As with other dihydropyridine calcium antagonists Lacidipine (Lacipil) should be used with care in patients with unstable angina pectoris.
Lacidipine (Lacipil) should be used with caution in patients after recent myocardial infarction.
Lacidipine (Lacipil) should be used with caution in patients with impaired liver function because antihypertensive effect may be increased.
There is no evidence that Lacidipine (Lacipil) impairs glucose tolerance or alters diabetic control.
Effects on Ability to Drive and Use Machines: None reported.
Use In Pregnancy & Lactation
There are no data on the safety of Lacidipine (Lacipil) in human pregnancy.
Animal studies have shown no teratogenic effects or growth impairment (see Toxicology: Pre-clinical Safety Data under Actions).
Lacidipine (Lacipil) should only be used in pregnancy when the potential benefits for the mother outweigh the possibility of adverse effects in the foetus or neonate.
The possibility that Lacidipine (Lacipil) can cause relaxation of the uterine muscle at term should be considered (see Toxicology: Pre-clinical Safety Data under Actions).
Milk transfer studies in animals have shown that lacidipine (or its metabolites) are likely to be excreted into breast milk.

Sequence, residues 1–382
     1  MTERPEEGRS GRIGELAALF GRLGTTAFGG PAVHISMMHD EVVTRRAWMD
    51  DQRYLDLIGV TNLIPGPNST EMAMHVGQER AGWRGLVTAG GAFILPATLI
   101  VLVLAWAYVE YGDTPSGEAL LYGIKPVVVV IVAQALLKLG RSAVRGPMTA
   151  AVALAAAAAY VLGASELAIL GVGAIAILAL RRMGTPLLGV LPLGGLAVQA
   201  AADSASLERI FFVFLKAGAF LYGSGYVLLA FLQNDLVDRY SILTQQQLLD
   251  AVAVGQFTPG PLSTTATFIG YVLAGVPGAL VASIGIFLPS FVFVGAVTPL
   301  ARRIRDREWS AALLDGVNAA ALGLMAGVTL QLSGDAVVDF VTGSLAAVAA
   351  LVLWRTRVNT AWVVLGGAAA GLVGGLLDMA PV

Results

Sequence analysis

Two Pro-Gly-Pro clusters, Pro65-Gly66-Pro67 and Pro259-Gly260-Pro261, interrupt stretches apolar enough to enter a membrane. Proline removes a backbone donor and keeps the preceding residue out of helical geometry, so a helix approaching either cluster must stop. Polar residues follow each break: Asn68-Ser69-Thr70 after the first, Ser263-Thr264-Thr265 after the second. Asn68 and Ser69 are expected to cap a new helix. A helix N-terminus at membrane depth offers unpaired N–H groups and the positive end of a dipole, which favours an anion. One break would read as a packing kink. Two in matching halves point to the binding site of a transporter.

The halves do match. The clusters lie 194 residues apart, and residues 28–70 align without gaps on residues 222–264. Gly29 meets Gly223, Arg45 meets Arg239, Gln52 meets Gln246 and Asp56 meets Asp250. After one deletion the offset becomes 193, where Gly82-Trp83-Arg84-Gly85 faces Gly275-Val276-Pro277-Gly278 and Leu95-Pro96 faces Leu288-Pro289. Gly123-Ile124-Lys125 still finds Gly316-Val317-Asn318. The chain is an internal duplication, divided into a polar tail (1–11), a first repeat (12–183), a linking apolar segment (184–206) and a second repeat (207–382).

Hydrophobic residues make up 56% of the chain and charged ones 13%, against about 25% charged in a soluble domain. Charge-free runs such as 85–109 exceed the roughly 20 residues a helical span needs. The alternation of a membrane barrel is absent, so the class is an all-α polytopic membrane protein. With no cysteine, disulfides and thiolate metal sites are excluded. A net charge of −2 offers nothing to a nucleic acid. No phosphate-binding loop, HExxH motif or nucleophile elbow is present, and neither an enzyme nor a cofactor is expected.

Lacidipine (Lacipil) should only be used during lactation when the potential benefits for the mother outweigh the possibility of adverse effects in the foetus or neonate.
Adverse Reactions
Data from large clinical trials (internal and published) were used to determine the frequency of very common to uncommon adverse reactions.
The following convention has been used for the classification of frequency: very common ≥ 1/10, common ≥ 1/100 and <1/10, uncommon ≥ 1/1000 and <1/100, rare ≥1/10000 and <1/1000, very rare <1/10000.
Lacidipine (Lacipil) is usually well tolerated. Some individuals may experience minor side-effects which are related to its known pharmacological action of peripheral vasodilation. Such effects, indicated by a hash (#), are usually transient and usually disappear with continued administration of Lacidipine (Lacipil) at the same dosage.
Psychiatric disorders: Very rare: Depression.
Nervous system disorders: Common: Headache, dizziness. Very rare: Tremor.
Cardiac disorders: Common: Palpitation, tachycardia. Uncommon: Aggravation of underlying angina, syncope, hypotension.
As with other dihydropyridines aggravation of underlying angina has been reported in a small number of individuals, especially at the start of treatment. This is more likely in patients with symptomatic ischaemic heart disease.
Vascular disorders: Common: Flushing.
Gastrointestinal disorders: Common: Stomach discomfort, nausea. Uncommon: Gingival hyperplasia.
Skin and subcutaneous tissue disorders: Common: Skin rash (including erythema and itching). Rare: Angioedema, urticaria.